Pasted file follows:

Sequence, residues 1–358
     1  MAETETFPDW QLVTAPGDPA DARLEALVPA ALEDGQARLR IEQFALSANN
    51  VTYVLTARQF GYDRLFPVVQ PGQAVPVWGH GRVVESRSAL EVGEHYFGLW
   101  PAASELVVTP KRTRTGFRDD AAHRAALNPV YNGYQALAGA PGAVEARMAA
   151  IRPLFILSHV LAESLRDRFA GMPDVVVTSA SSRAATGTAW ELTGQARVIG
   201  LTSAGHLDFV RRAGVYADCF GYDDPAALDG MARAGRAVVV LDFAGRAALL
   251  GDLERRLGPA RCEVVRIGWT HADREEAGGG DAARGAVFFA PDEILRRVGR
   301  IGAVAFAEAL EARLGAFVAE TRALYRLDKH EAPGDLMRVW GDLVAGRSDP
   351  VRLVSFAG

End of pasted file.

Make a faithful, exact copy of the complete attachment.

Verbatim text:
Sequence, residues 1–358
     1  MAETETFPDW QLVTAPGDPA DARLEALVPA ALEDGQARLR IEQFALSANN
    51  VTYVLTARQF GYDRLFPVVQ PGQAVPVWGH GRVVESRSAL EVGEHYFGLW
   101  PAASELVVTP KRTRTGFRDD AAHRAALNPV YNGYQALAGA PGAVEARMAA
   151  IRPLFILSHV LAESLRDRFA GMPDVVVTSA SSRAATGTAW ELTGQARVIG
   201  LTSAGHLDFV RRAGVYADCF GYDDPAALDG MARAGRAVVV LDFAGRAALL
   251  GDLERRLGPA RCEVVRIGWT HADREEAGGG DAARGAVFFA PDEILRRVGR
   301  IGAVAFAEAL EARLGAFVAE TRALYRLDKH EAPGDLMRVW GDLVAGRSDP
   351  VRLVSFAG